In-Depth Blog Post Five/Four


Hello everyone and welcome to my fourth in-depth blog post. I was unable to complete the actual fourth in-depth blog post due to schedule conflicts with my mentor, so while this post is technically my fourth it will cover the criteria of the fifth in-depth blog post as well as a progress report on my project.

Starting with the progress I have made, during this meeting my mentor and I reviewed a video I had taken of a short DJ set I made to demonstrate the fundamentals of DJing we had discussed during our first two meetings. My mentor and I reviewed the footage, and he gave me feedback on the decisions I had made during the set. One of the concepts he mentioned most prominently was my use of EQ during transitions, in which I cut the low end of the wrong track. Rather than cutting the low end of the main track being played to make room for a new kick drum sample and bassline, I should be doing the opposite, letting the bass line of the main track play out to the audience. Additionally, my mentor touched on some of the arrangement decisions I made during the set. While most of the feedback he gave was positive he commented that I often faded out tracks too abruptly and that at the beginning of my set I did not really have a main track for the audience to focus on, rather trying to implement a more technical transition. Throughout the meeting, my mentor stressed that he believed that I understood the basic concepts behind the decisions I was making while DJing but that I was not following the typical DJing conventions regarding the details in my decisions.

This week’s How to Have a Beautiful Mind chapter was on the concept of the six hats. The six hats categorize different statements that we make in a conversation, with each of the six hats being assigned a colour. The first of these hats is the white hat which covers information and hard facts, when we are using the white hat, we are stating information and thinking in terms of facts. The red hat is rather the opposite of the white hat and covers our feelings and emotions towards a subject. Next is the black hat which is our critical thinking and judgement hat. The black hat is similar to the white hat but it focuses on thinking critically about the information and viewpoints suggested in somewhat of an objective manner. The yellow hat looks for the values and benefits of proposed courses of action. The yellow hat asks why something will work and how the parties involved stand to benefit from it. The penultimate hat is the green hat, which is our creative thinking and idea-generating hat. The green hat seeks to look for ideas individually, free from the judgement of the other hats until their time comes. Finally, there is the blue hat which is the organizer of the hats. When we use the blue hat, we are organizing our ideas and defining a course of action. This week I was asked to transcribe a short conversation with my mentor and show where each hat is used. Below is that transcription which is of a conversation from 4:30 – 5:33 in the video. Each of the hats is indicated by the colour of the text used.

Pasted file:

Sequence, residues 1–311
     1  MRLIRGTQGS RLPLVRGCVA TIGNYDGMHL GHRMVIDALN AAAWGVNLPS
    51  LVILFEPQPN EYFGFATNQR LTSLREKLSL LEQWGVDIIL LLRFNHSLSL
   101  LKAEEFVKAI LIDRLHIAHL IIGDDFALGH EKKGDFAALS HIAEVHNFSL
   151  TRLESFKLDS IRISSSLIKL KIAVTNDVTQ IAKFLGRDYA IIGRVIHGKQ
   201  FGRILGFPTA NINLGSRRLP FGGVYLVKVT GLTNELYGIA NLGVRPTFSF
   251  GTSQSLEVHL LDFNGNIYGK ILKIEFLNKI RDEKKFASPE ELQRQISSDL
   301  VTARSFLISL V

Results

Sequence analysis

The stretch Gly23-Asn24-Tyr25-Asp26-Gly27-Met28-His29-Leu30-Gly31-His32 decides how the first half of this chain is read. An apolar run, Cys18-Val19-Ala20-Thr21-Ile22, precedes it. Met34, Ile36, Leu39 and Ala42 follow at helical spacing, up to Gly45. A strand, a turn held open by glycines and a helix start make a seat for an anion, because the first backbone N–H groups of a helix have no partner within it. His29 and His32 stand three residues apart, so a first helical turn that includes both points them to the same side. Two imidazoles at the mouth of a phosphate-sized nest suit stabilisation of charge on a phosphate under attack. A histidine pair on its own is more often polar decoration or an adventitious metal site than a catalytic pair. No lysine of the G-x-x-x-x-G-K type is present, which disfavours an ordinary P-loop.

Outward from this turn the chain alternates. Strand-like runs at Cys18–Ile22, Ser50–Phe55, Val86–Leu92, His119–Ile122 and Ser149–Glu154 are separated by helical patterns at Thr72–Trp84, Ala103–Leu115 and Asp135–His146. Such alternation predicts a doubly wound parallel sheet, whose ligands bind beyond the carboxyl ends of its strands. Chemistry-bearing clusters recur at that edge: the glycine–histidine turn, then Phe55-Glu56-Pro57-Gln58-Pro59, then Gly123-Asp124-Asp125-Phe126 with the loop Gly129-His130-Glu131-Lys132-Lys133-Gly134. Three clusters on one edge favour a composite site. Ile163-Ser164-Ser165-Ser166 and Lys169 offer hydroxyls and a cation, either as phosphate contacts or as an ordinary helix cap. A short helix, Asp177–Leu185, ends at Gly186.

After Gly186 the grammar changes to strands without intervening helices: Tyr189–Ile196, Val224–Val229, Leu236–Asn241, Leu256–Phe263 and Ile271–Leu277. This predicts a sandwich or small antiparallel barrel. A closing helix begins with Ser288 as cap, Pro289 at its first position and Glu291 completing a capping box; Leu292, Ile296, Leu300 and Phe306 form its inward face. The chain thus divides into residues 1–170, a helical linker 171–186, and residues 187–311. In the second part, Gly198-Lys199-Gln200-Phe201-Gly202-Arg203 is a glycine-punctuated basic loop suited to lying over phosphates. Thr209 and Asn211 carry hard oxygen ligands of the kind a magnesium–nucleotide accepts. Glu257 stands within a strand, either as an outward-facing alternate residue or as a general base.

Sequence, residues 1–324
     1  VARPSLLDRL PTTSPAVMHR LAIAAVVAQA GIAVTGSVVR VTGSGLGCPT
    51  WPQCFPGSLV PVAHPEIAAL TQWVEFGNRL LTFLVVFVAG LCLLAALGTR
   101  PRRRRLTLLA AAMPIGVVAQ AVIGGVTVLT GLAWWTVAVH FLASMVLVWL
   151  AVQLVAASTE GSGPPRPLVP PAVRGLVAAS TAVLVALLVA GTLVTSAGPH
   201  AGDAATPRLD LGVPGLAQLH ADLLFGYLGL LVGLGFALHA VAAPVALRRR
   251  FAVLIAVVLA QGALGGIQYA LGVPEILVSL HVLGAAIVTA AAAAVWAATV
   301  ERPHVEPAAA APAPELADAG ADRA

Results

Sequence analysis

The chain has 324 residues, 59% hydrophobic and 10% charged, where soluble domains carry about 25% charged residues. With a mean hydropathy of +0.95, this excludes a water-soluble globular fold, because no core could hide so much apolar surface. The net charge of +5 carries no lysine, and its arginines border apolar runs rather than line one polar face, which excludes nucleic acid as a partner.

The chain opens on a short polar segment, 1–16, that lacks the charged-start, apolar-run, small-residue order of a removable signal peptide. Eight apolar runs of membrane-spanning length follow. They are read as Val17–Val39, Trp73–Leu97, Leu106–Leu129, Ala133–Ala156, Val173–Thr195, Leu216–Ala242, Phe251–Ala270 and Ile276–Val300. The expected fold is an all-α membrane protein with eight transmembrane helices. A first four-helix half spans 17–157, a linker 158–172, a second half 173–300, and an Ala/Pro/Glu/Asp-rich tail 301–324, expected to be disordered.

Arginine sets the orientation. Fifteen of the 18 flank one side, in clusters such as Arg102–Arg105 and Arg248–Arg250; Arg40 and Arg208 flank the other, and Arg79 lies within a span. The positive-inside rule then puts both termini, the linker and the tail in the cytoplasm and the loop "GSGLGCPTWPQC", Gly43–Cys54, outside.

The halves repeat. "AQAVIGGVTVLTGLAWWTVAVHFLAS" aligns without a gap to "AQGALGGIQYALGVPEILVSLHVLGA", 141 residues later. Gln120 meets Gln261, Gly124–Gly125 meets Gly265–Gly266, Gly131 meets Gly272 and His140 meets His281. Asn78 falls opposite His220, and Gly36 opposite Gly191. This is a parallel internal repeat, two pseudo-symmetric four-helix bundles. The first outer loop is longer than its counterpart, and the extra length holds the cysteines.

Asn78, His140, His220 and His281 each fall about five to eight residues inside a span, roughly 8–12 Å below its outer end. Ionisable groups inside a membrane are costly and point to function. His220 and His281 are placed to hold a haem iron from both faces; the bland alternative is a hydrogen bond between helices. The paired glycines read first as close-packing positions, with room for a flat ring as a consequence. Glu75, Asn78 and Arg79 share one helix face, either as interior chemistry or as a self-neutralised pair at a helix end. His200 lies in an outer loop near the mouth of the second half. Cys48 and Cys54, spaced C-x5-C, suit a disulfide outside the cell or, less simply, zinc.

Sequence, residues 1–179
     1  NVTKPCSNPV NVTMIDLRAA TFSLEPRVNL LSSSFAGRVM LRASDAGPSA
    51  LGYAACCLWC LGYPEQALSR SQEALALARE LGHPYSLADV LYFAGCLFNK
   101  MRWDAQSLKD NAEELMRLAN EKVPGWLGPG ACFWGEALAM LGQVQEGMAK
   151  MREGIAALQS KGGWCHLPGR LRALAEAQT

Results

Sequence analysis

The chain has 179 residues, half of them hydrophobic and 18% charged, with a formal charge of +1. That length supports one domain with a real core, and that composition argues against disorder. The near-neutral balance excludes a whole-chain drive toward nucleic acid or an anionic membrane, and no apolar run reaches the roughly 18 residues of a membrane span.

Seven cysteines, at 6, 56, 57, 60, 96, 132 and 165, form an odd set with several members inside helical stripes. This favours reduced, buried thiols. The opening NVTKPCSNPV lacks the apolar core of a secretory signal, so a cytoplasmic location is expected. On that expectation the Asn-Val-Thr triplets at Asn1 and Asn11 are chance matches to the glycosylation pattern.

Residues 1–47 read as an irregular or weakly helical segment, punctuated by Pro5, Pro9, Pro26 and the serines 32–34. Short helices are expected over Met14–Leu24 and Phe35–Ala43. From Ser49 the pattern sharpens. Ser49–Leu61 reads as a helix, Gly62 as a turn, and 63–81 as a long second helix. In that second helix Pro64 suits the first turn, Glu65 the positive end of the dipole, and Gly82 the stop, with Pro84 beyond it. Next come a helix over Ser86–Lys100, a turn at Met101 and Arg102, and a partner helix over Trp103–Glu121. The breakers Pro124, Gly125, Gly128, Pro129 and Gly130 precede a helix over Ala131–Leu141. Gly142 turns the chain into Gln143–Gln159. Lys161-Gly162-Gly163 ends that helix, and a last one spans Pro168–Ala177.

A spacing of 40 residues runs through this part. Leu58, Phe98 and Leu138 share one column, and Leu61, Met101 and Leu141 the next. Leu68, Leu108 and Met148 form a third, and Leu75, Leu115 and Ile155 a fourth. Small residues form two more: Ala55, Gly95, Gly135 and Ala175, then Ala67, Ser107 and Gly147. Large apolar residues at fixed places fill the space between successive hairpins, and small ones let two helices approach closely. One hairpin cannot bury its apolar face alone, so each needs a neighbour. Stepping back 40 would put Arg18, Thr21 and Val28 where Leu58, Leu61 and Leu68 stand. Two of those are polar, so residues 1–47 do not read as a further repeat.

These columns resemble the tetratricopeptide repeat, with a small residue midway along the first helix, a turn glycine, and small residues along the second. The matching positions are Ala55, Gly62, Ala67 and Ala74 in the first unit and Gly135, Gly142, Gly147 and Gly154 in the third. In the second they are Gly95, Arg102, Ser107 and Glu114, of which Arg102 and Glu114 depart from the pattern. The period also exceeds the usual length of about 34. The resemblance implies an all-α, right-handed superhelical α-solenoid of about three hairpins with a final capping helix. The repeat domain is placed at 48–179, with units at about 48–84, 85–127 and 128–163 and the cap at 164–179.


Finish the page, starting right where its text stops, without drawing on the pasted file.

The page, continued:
Mentor: we’re you able to get into any EQing?


Me: Oh yeah, I was EQing, I don’t really have any effects knobs on my controller so it’s a bit hard to control that.


Mentor: OK cool.


Me: So here I am killing the bass of I’m Not Alone to make room for the kick of Faxing Berlin.


Mentor: I would actually do the opposite of that. I would kill the bass of faxing Berlin rather than killing the bass of Faxing Berlin. Since right now your first track is more of your main track, I’d have it take the lead until it’s time to switch over. So at the very beginning while you’re still mixing it in that second track is the one that you are really going to want to kill more frequencies in. The bass is usually the main one and usually if there are some mids and highs if there are really obtuse sounds in that section. So Faxing Berlin would be the one you’d want to kill and then at a key moment you would kind of kill some frequencies and switch it over.

Me: ok

At the beginning of our conversation, we are both speaking using the white hat because we are merely introducing the facts regarding our current situation. Then my mentor makes a statement using the red hat saying that he would do the opposite. This statement is merely his feelings and opinions on the matter, as he is yet to say why he thinks this way. Then my mentor moves on using the black hat. During this section, he is thinking critically about my decisions and the decisions he would make as a critique of what I did during the mix. He then switches to the white hat to explain the facts of which frequencies he would EQ as he is bringing in a new song. Finally, my mentor finishes by using the yellow hat to explain why I would benefit from using less aggressive EQ on I’m not alone, finding the value and the “why” to the alternate decision he had earlier addressed using the black hat.

Thank you for reading through my fourth/fifth In-Depth blog post. Because of our unfortunate scheduling conflicts, we will be moving on from the fundamentals of DJing immediately into crafting my set which will be the final product of my In-Depth project. Now that we have gone back to meetings at a consistent time, there should be no further issues regarding the timing of these blog posts.